Among 535 colorectal cancer patients, 66 (12%) were MSI(+). Among these, 18 (3.4% of the total) had disease-causing germline mutations in MLH1 or MSH2. Among these 18 patients, five were less than 50 years old, seven had a previous or synchronous colorectal or endometrial cancer, and 15 had at least one first-degree relative with colorectal or endometrial cancer. Notably, 17 (94%) of 18 patients had at least one of these three features, which were present in 22% of all 535 patients. Combining these data with a previous study of 509 patients, mutation-positive HNPCC accounts for 28 (2.7%) of 1,044 cases of colorectal cancer, predicting a greater than one in 740 incidence of mutation-positive individuals in this population.
Large-scale molecular screening for HNPCC can be done by the described two-stage procedure of MSI determination followed by mutation analysis. Efficiency can be greatly improved by using three high-risk features to select 22% of all patients for MSI analysis, whereby only 6% need to have mutation analysis. Sensitivity is only slightly impaired by this procedure.
Notes
Erratum In: J Clin Oncol 2000 Oct 1;18(19):3456
PubMed ID
10829038 View in PubMed
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Prediction of Lynch syndrome in consecutive patients with colorectal cancer.

https://arctichealth.org/en/permalink/ahliterature152396
Source
J Natl Cancer Inst. 2009 Mar 4;101(5):331-40
Publication Type
Article
Date
Mar-4-2009
Author
Roger C Green
Patrick S Parfrey
Michael O Woods
H Banfield Younghusband
Author Affiliation
Department of Genetics, Faculty of Medicine, Memorial University, St John's, Newfoundland, Canada A1B 3V6. rcgreen@mun.ca
Source
J Natl Cancer Inst. 2009 Mar 4;101(5):331-40
Date
Mar-4-2009
Language
English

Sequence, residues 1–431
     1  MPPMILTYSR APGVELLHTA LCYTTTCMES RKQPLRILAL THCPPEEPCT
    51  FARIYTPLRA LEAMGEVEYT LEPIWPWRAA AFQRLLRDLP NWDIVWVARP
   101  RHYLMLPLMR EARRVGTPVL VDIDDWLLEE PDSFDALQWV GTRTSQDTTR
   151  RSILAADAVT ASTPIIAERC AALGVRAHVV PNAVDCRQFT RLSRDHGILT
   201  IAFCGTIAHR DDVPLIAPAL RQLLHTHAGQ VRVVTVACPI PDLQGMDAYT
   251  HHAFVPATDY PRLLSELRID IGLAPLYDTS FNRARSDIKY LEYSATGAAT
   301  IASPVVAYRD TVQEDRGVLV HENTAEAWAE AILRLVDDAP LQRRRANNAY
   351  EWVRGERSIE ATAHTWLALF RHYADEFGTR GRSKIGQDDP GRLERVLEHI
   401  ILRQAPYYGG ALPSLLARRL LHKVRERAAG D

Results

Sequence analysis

Publication Type
Article
Keywords
Aged
Canada - epidemiology
Colorectal Neoplasms - complications - epidemiology - pathology
Colorectal Neoplasms, Hereditary Nonpolyposis - diagnosis - epidemiology - genetics - pathology
DNA Mismatch Repair - genetics
Female
Genetic Testing - methods
Humans
Male
Middle Aged
Models, Statistical
Mutation
Predictive value of tests
ROC Curve
Reproducibility of Results
Risk assessment
Risk factors
Abstract
Lynch syndrome is caused by inherited mutations in DNA mismatch repair genes (primarily MSH2, MLH1, MSH6, and PMS2) and is one of the most prevalent inherited cancer syndromes. Several models have been developed to predict the occurrence of Lynch syndrome in high-risk patients and families, but it is not known how these models compare with one another or how they perform for colorectal cancer patients from the general population. We used data from such patients to test the ability of four models--Leiden, MMRpredict, PREMM(1,2), and MMRpro--to distinguish between those who did and did not carry DNA mismatch repair gene mutations.
We studied a consecutive series of 725 patients who were younger than 75 years at colorectal cancer diagnosis and whose DNA mismatch repair gene mutation status was available; 18 of the 725 patients carried such a mutation. For each model, we calculated the risk score, compared the observed number of mutations with the expected number, and determined the receiver operating characteristics. All statistical tests were two-sided.
Although all four models overestimated the probability of a mutation (range = 1.2- to 4.3-fold), especially in low-risk patients, they could discriminate between carriers and noncarriers of a mismatch repair mutation. The areas under the receiver operating characteristics curves from the four models ranged from 0.91 to 0.96. Carriers of mutations in the MSH6 or PMS2 genes had lower risk scores than carriers of MSH2 or MLH1 mutations. For example, the MMRpredict model gave median risk scores of 24% and 94% (P
PubMed ID
19244167 View in PubMed
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[Registration of hereditary non-polyposis colorectal cancer]

https://arctichealth.org/en/permalink/ahliterature20687
Source
Ugeskr Laeger. 1999 Nov 8;161(45):6174-8
Publication Type
Article
Date